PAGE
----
U.S. flag

An official website of the United States government

Dot gov

The .gov means it’s official.
Federal government websites often end in .gov or .mil. Before sharing sensitive information, make sure you’re on a federal government site.


The site is secure.
The https:// ensures that you are connecting to the official website and that any information you provide is encrypted and transmitted securely.

Environmental Factor

Environmental Factor

Your Online Source for NIEHS News

June 2018

Enzyme plays key role in Parkinson’s disease and inflammation

Researchers reported that an enzyme called soluble epoxide hydrolase plays a key role in Parkinson’s disease and inflammation.

New research partially funded by NIEHS suggests an enzyme in the brain plays a key role in Parkinson’s disease (PD). Scientists demonstrated that inhibiting an enzyme known as soluble epoxide hydrolase (sEH) can help curb the inflammation associated with the development and progression of PD.

The team from the University of California-Davis (UCD), worked closely with colleagues in Japan and China. Their research appeared May 7 in the Proceedings of the National Academy of Sciences.

The project was led by Kenji Hashimoto, Ph.D., at Chiba University Center for Forensic Mental Health in Japan, and Bruce Hammock, Ph.D., from UCD. Hammock is a longtime NIEHS grantee and directs the NIEHS-funded Superfund Research Program (SRP) at UCD.

Yang, Hwang and Hammock From left, Jun Yang, Ph.D., and Sung Hee Hwang, Ph.D., who work in the lab of Hammock, are with the UCD Department of Entomology and Nematology and the UCD Comprehensive Cancer Center. (Photo courtesy of Kathy Keatley Garvey)

Key regulatory enzyme

Hammock explained that sEH is a key regulatory enzyme involved in the metabolism of fatty acids. “[In] our previous research, we found that sEH inhibitors treat neuropathic and inflammatory pain in humans and companion animals,” he said. “Now we're finding that these inhibitors play a key role in Parkinson's disease.”

In studies involving mice, the scientists found that sEH plays an important role in the inflammation associated with both progression of PD and the mechanisms that lead to the disease. They tested a potent sEH inhibitor and a mouse model that was genetically modified not to produce sEH. The two approaches produced similar results.

“By establishing this causal chain of events … we can better predict environmental chemicals that could predispose people to Parkinson's disease and possibly even treat the disease,” Hammock suggested.

“The Hammock lab studied foreign compound metabolism, which led to the work on the role of epoxide hydrolases in pain and inflammation,” noted Heather Henry, Ph.D., from the NIEHS Hazardous Substances Branch. “Now, 30 years into research at the UC Davis SRP, they report its potential role in reducing inflammation in Parkinson’s. It seems this is only the beginning of understanding how broadly applicable their discoveries are.”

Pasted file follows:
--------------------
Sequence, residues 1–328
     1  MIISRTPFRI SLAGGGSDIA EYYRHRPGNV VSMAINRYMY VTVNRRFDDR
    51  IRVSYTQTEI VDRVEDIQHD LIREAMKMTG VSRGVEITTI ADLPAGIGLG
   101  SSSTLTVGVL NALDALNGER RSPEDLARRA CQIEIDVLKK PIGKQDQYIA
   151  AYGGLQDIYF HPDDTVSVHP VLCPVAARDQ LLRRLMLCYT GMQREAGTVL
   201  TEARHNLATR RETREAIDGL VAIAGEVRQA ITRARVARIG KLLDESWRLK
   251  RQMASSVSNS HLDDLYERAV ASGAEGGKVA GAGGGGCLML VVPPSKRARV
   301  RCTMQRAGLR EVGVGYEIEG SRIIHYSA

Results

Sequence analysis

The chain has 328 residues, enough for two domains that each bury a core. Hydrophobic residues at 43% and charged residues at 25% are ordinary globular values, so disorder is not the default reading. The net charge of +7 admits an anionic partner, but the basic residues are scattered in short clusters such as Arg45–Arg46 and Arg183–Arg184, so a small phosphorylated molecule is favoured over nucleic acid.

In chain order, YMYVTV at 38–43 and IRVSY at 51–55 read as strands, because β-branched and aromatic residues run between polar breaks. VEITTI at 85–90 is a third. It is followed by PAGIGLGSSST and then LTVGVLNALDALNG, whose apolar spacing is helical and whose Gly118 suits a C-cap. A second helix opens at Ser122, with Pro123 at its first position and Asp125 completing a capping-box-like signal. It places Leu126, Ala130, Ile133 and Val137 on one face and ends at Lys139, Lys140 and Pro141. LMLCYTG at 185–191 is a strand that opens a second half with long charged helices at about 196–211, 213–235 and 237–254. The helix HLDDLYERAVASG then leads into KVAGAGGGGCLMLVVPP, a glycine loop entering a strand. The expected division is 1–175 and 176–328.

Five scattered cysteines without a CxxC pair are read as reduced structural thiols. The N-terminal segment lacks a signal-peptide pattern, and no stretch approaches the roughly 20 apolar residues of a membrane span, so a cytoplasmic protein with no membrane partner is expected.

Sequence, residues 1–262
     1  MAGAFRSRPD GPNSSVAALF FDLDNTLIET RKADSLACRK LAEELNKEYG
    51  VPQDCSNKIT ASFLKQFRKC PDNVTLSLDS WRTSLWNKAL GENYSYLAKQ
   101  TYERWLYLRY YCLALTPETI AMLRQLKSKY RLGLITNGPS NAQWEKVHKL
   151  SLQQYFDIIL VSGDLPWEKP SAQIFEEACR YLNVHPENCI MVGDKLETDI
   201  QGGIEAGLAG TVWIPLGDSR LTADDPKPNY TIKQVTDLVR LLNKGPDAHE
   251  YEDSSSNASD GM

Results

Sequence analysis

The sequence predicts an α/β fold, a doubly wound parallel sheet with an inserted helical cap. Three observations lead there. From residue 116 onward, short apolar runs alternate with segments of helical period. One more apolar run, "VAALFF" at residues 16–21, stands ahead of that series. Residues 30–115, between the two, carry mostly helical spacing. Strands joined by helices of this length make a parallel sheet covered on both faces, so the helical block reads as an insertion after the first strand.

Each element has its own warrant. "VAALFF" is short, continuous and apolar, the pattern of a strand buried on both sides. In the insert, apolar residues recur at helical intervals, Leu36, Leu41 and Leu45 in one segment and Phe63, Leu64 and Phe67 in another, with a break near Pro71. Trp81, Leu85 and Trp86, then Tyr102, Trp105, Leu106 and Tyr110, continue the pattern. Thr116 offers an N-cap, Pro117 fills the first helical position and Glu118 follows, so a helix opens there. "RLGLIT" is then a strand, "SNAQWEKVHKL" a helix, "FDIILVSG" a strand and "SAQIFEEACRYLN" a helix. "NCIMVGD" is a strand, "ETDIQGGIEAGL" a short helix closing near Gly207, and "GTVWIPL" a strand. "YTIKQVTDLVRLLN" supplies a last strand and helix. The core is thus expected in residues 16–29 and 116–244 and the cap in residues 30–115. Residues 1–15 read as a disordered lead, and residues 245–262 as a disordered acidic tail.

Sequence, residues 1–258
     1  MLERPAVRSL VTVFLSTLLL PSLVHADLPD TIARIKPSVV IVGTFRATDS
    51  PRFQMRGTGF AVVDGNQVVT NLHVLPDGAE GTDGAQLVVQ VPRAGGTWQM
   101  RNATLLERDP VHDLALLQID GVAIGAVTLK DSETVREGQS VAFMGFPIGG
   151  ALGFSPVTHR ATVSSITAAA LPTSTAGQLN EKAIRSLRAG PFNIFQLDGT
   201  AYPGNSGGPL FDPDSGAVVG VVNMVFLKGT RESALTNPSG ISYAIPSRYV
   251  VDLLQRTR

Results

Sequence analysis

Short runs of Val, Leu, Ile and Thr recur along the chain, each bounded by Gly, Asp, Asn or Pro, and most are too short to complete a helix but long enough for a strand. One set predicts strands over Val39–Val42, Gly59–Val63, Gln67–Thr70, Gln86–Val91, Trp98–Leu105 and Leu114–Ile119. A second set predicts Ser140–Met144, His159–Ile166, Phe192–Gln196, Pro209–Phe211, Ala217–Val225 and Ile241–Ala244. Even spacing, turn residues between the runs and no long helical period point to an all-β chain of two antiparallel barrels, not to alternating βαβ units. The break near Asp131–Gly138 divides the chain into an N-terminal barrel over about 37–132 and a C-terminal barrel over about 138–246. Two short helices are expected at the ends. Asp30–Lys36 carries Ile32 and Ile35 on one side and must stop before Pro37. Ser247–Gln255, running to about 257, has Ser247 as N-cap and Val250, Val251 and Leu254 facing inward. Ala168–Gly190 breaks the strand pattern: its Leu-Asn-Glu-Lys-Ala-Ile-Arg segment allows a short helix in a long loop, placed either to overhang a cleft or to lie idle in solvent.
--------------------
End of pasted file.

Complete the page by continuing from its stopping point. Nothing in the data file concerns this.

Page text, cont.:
Therapeutic target

“[Both] the sEH inhibitor [and] deletion of the sEH gene protected against MPTP-induced neurotoxicity in mouse brain,” Hashimoto said. MPTP is a relative of cyperquat and paraquat herbicides.

Hashimoto pointed out that medications to treat PD symptoms do not prevent the progression of the disease. “Therefore, the development of new drugs possessing disease-modifying or neuroprotective properties is critical,” he said.

sEH implicated in cell death

“While we know that a certain group of brain cells that produce dopamine are selectively destroyed in Parkinson's patients, what triggers this brain cell death remains poorly understood,” said Cesar Borlongan, Ph.D., from the University of South Florida. Borlongan was not involved in the study.

“In small and large animal models of Parkinson's disease, and further confirmed in a group of PD patients, [sEH] is highly elevated in specific regions of the brain implicated in dopamine cell death,” he observed.

The authors reported that the enzyme was also highly expressed in the brains of patients with a disease called dementia of Lewy bodies. That form of dementia, like PD, involves deposits of a protein called alpha-synuclein, in multiple regions of the brain.

Clinical trials

According to Hammock, sEH inhibitors will soon enter human clinical trials supported by the Blueprint Program of the National Institute of Neurological Disorders and Stroke. “These drugs could provide relief for patients with a wide variety of inflammatory diseases,” he suggested. Hammock is CEO of a Davis-based company, EicOsis, that is developing the sEH inhibitors.

“sEH can break down some of the natural fatty acids in the body that reduce inflammation, high blood pressure, and pain symptoms,” explained Daniel Shaughnessy, Ph.D., from NIEHS. “Bruce and his colleague Alan Buckpitt [Ph.D.] saw the potential of inhibiting sEH as therapy for inflammation-related conditions.”

The researchers received a Small Business Innovation Research (SBIR) grant from NIEHS to develop sEH inhibitors for treating neuropathic pain. Shaughnessy is the NIEHS program lead for SBIR grants.

Citation: Ren Q, Ma M, Yang J, Nonaka R, Yamaguchi A, Ishikawa KI, Kobayashi K, Murayama S, Hwang SH, Saiki S, Akamatsu W, Hattori N, Hammock BD, Hashimoto K. 2018. Soluble epoxide hydrolase plays a key role in the pathogenesis of Parkinson's disease. Proc Natl Acad Sci U S A; doi:10.1073/pnas.1802179115 [Online 7 May 2018].

(This story is based on a UCD press release by Kathy Keatley Garvey.)

Back To Top